Mountain View, California’s RV ban was quite a bumpy road
When the city finally passed legislation to officially ban RV’s from most of their city streets, and restrict the parking to just a few industrial roads in 2020, Mountain View residents launched a campaign to scrap the ban.
If the Mountain View Housing Coalition is able to collect more than 3,700 signatures, or 10% of the city’s population, then the Mountain View council will be forced to make a decision – either repeal the ban or ask the city to vote whether or not they want the law.
Many people’s lives would be devastated if this RV ban went into effect
Take Edgar Lopez, 57, for example. He has lived in Mountain View, California for thirty years. Just three months ago, he was forced to buy an RV when his rent became too high to afford.
Regarding the exorbitant Bay Area rental market, Edgar Lopez said, “It’s bad, really, really bad. We just couldn’t pay it anymore.”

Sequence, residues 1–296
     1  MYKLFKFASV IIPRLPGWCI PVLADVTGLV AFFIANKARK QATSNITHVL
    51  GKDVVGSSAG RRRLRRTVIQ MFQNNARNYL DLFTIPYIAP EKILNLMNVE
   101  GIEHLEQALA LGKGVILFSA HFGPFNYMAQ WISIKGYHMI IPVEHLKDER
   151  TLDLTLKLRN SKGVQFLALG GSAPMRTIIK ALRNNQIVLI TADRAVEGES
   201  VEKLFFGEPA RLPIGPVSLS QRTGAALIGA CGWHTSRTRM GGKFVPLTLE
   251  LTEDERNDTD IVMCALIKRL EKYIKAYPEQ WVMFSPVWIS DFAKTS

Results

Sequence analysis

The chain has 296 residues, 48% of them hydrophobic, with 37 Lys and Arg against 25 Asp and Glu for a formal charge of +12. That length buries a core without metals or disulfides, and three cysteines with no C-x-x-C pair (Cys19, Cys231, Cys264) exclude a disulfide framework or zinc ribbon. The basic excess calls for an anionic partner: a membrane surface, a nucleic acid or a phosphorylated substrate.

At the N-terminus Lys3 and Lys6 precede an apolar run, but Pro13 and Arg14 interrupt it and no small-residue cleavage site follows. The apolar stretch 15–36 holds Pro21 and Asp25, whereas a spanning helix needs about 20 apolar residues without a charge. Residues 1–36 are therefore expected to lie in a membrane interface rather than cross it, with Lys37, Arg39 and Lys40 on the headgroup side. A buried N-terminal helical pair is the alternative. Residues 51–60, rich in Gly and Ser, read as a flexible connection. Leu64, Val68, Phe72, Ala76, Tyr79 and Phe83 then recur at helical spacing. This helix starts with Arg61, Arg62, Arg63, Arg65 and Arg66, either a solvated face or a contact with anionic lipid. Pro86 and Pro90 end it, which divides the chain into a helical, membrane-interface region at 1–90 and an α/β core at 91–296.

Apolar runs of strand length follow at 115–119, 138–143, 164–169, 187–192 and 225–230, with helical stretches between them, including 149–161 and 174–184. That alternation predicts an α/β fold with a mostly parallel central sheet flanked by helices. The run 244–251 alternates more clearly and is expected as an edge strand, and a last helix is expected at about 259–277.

Lopez and his family are among more than two hundred people in a similar predicament – forced to live in a random RV parked along the streets of Mountain View.
Last month, the city council voted to push all occupied oversized vehicles away from residential areas. This legislation passed two separate ordinances. First, all oversized vehicles are banned from parking on city streets with bike lanes. Also, oversized vehicles were banned from parking on all narrow streets in Mountain View.
Is a ban the right solution?
“A lot of people in Mountain View want us to do something about vehicle dwellers, but I think most people want a solution rather than a ban,” said Lenny Siegel, former Mountain View mayor and a member of the Housing Justice Coalition. “And since we don’t have a solution yet, we’re going to start collecting signatures.”
Mountain View is not the first city to force citizens into the crushing housing market by enacting RV parking restrictions. In fact, Mountain View is just the last entry in a long list of cities that ban RVs from parking on their streets.
A few months ago Berkeley, another California city sitting in a lucrative real estate market, voted to outlaw overnight parking. However, the law had added stipulations. For example, some RVs could park in Berkeley for up to three months. Families with young children, Berkeley workers, students attending Berkeley universities and people with a Berkeley address spanning the past ten years, were all prioritized groups.